English (en) | Change Language



Beginning in early June, ECHO Florida interns have been studying agronomic crops. Shealyn Otto and Sammie Brittain are two interns who’ve been applying their knowledge on the farm, learning about rice. Using the 'Diamond' variety of rice, along with the System of Rice Intensification (SRI) method, these interns are experiencing hands-on learning. 

The planting process has taken two weeks, while harvest won’t be until late October-early November. To begin the SRI method, the interns soak the seeds for 24 hours, then plant them into a seedling bed and water them three times a day. The growth process of the seedlings ranges from eight to fifteen days before they are ready to be transplanted. While this process takes place, the pigs of ECHO’s farm eat away at the weeds of the rice paddy. The interns then extract what is left to prepare the paddy for planting. This June, the interns planted around 60 grams of rice.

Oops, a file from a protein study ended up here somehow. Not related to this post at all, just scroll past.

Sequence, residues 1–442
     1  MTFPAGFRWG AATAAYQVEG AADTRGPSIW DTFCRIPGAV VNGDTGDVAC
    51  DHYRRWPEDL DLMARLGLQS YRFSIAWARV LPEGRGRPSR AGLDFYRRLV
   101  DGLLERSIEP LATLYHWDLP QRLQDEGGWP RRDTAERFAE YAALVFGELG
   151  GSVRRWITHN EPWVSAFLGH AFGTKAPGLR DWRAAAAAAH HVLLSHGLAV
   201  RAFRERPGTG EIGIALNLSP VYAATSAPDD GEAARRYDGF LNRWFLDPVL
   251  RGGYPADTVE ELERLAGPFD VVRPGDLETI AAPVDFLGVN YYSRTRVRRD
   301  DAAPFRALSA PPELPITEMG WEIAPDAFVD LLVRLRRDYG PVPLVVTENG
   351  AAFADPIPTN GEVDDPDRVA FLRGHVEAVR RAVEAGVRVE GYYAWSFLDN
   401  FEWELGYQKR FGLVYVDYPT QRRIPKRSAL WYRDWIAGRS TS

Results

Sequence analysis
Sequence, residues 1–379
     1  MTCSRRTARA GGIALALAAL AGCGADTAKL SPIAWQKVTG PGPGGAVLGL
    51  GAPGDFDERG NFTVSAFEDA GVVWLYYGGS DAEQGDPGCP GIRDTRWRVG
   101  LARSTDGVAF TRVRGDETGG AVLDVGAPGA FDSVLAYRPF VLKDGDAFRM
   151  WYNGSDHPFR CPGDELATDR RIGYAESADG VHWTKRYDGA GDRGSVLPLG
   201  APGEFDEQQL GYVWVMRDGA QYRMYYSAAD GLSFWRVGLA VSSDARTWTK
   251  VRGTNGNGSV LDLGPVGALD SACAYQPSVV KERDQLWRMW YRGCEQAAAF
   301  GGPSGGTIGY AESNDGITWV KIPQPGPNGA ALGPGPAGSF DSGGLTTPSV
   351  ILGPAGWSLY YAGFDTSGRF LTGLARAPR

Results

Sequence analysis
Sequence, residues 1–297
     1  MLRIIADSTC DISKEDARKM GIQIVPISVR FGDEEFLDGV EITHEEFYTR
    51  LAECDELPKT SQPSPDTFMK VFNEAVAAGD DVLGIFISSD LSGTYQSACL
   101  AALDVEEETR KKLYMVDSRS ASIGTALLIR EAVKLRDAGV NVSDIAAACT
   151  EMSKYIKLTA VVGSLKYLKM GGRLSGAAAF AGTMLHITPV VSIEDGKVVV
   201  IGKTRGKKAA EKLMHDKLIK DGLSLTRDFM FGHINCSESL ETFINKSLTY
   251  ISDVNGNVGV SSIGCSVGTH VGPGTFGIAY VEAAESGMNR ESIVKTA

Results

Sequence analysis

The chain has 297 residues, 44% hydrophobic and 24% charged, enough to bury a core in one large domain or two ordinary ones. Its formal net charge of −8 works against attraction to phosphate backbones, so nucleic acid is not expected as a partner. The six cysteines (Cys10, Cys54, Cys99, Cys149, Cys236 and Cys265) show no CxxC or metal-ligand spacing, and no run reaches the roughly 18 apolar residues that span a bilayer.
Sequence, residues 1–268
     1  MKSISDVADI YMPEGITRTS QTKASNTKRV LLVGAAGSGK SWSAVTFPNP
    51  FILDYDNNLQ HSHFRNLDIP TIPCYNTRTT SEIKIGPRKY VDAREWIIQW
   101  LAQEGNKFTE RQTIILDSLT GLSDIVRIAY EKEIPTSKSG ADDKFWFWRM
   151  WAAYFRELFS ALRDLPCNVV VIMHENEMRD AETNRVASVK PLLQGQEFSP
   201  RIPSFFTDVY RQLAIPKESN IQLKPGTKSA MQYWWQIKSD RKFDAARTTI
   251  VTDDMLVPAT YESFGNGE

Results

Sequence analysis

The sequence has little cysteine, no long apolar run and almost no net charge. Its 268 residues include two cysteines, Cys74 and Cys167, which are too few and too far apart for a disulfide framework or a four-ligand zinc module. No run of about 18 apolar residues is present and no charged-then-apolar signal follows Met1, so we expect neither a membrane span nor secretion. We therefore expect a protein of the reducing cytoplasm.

“It’s been interesting because the research makes it feel like everything has to be measured and perfect, when in reality the process is a lot more flexible,” Shealyn Otto.

“This process has given me a greater appreciation of that cup of rice I have for dinner, knowing how much work went into it,” Sammie Brittain said.

The interns will present their findings to their instructors Stacy Swartz, Andy Cotarelo, and fellow interns in September. The interns notice the benefits of using the SRI method of planting versus the traditional method, as they see the potential of higher yield for farmers globally. SRI requires less seed, pesticides, and herbicides and only needs to be flooded once a week. Experimenting with SRI allows interns at ECHO to discover methods that can benefit farmers globally. 

“We have the opportunity to do experiments at ECHO that other farmers may be unable to because growing rice is their livelihood,'' Sammie Brittain said. “We can then send the research from our experiments to those same farmers.”

To learn more about the SRI method and its potential benefits, here is a link with more information. SRI, the System of Rice Intensification: Less Can be More